I’m going to be doing some posts on machine learning, artificial intelligence, and data mining over the coming weeks and months as I try to crank out a thesis.  Since machine learning isn’t a topic that a lot of developers are familiar with, I decided it would be best to write up a brief summary of what machine learning encompasses and why you should care.  If you have any questions after reading this, please let me know in the comments.  I need to be very solid at explaining machine learning to an uninformed reader if I’m going to crank out a decent thesis…

Machine learning, at its most basic level, is a field that is concerned with techniques that allow computers to "learn".   It is often confused with artificial intelligence, data mining, and other related fields.  That’s because many applications of machine learning (or AI, or data mining) tend to straddle the fence between fields as opposed to being purely in one domain or another.  So, machine learning is any computer system that has the capability to learn.  The formal definition of "learn" is typically something like "a system can learn if it can improve its performance at some task based on experience at performing that task".  Basically, if it can get better at something automagically, it is learning. 

Machine learning is a *huge* field with many diverse applications.  My area of research is focused mainly on two applications of machine learning: classification (a form of supervised learning, which we’ll talk about in the future) and clustering (a form of unsupervised learning).  There are many other applications that will probably be discussed in future posts (if I ever get the itch).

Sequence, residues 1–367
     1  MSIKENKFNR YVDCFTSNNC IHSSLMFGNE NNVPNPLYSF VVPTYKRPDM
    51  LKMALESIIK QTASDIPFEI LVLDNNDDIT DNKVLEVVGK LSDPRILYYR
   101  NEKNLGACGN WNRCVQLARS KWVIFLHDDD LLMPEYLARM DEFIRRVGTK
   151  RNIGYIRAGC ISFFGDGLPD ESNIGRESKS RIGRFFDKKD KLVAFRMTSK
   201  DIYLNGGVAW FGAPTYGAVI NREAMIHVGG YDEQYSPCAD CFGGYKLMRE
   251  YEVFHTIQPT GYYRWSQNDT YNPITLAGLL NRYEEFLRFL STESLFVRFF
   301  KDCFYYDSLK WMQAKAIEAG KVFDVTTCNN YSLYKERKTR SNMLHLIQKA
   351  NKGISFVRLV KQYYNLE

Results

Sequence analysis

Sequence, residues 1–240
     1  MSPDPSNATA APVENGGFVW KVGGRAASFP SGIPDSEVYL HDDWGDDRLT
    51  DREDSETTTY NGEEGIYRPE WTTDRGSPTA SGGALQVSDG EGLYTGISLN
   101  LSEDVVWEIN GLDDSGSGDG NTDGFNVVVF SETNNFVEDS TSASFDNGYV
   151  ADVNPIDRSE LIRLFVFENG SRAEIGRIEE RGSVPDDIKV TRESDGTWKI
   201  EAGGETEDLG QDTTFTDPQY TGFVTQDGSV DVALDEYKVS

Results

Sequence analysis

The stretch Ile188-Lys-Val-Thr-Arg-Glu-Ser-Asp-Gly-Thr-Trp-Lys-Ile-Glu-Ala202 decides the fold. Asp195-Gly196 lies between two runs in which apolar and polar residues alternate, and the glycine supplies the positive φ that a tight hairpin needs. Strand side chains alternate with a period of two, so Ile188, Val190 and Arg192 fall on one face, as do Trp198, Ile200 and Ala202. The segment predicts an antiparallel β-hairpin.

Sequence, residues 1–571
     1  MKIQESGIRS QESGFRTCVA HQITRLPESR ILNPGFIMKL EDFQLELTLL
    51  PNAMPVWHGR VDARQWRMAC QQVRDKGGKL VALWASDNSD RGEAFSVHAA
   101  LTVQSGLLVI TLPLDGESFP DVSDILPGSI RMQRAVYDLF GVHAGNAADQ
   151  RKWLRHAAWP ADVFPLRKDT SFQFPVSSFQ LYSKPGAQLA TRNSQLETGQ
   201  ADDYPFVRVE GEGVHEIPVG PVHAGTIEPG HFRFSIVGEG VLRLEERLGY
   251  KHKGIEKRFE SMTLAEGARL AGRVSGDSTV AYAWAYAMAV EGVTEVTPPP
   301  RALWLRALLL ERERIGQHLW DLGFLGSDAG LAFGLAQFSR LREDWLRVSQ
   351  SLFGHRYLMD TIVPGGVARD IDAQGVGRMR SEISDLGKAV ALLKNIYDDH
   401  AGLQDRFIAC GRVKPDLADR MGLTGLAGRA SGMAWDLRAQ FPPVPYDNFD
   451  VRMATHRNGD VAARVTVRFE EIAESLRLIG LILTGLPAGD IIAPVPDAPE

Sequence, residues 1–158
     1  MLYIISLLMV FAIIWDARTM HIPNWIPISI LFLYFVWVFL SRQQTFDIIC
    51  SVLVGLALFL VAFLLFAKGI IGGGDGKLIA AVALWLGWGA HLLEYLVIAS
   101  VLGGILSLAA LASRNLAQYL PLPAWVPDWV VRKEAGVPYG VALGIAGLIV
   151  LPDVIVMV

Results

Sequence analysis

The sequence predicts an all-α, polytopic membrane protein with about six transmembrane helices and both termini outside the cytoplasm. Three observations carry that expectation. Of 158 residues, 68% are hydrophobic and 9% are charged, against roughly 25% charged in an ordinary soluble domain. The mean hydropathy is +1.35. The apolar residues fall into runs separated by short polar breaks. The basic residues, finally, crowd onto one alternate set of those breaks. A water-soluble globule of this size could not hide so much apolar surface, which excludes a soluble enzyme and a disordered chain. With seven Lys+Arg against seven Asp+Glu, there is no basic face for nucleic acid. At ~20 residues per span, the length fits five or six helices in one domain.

Classification deals with trying to classify some individual with respect to a target class or set of target classes.  For example, I’m working on a medical system that takes in a patient data (such as age, blood pressure, pulse, and respiratory rate) and tries to determine whether or not that person is critically injured.  The system does that by using machine learning.  We feed the system a training set, which contains patient data that has been labeled apriori with the correct class, and the system learns how to classify critically injured patients from non-critically injured ones.  The magic is that the machine is able to apply what it learns to patient data that it hasn’t seen before.  If it wasn’t able to make this inductive leap, the system would be a look-up table. 

Clustering deals with trying to place individuals together into groups (called clusters).  There are many techniques for doing this, but most are still accomplishing the same task: creating clusters wherein individuals in the same cluster are similar to one another and dissimilar to individuals in other clusters.  Clustering algorithms typically need to know a few things: the number of clusters that exist, and how to calculate the ‘distance’ between individuals (there are several clustering systems that can determine the number of clusters automatically, but most basic clustering algorithms are not capable of making that determination).  Unlike in classification where the goal is to predict some target classification, clustering doesn’t care about class labels.  It looks at all the attributes of the data in the training set and groups them by similarity.  New items can then be clustered to previously built categories as needed.


So, machine learning deals with anything in which a computer system "learns"; it gets better at some task based on experience.  Machine learning is not a synonym for artificial intelligence, though the two are related.  It is  a very broad field that provides useful tools capable of solving complex problems in elegant ways.

In the next post on this topic, we’ll delve in to why you should care about machine learning (here’s a hint: you are probably already leveraging it and don’t even know it, but if you’re not, you’re working way too hard!)